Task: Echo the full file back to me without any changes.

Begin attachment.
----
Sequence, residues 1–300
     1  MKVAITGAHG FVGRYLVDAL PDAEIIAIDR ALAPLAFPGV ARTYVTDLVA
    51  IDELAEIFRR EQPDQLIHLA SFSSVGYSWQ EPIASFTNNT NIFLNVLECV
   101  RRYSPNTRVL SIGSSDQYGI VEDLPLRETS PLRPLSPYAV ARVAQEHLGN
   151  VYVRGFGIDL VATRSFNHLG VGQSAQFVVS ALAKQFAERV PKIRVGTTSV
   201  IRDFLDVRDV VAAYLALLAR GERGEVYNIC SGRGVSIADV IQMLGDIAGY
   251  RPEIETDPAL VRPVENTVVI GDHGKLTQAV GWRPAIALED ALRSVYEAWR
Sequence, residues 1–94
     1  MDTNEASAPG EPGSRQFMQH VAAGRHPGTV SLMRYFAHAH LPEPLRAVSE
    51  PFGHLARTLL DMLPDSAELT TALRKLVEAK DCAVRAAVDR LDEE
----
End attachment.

Sequence, residues 1–300
     1  MKVAITGAHG FVGRYLVDAL PDAEIIAIDR ALAPLAFPGV ARTYVTDLVA
    51  IDELAEIFRR EQPDQLIHLA SFSSVGYSWQ EPIASFTNNT NIFLNVLECV
   101  RRYSPNTRVL SIGSSDQYGI VEDLPLRETS PLRPLSPYAV ARVAQEHLGN
   151  VYVRGFGIDL VATRSFNHLG VGQSAQFVVS ALAKQFAERV PKIRVGTTSV
   201  IRDFLDVRDV VAAYLALLAR GERGEVYNIC SGRGVSIADV IQMLGDIAGY
   251  RPEIETDPAL VRPVENTVVI GDHGKLTQAV GWRPAIALED ALRSVYEAWR
Sequence, residues 1–94
     1  MDTNEASAPG EPGSRQFMQH VAAGRHPGTV SLMRYFAHAH LPEPLRAVSE
    51  PFGHLARTLL DMLPDSAELT TALRKLVEAK DCAVRAAVDR LDEE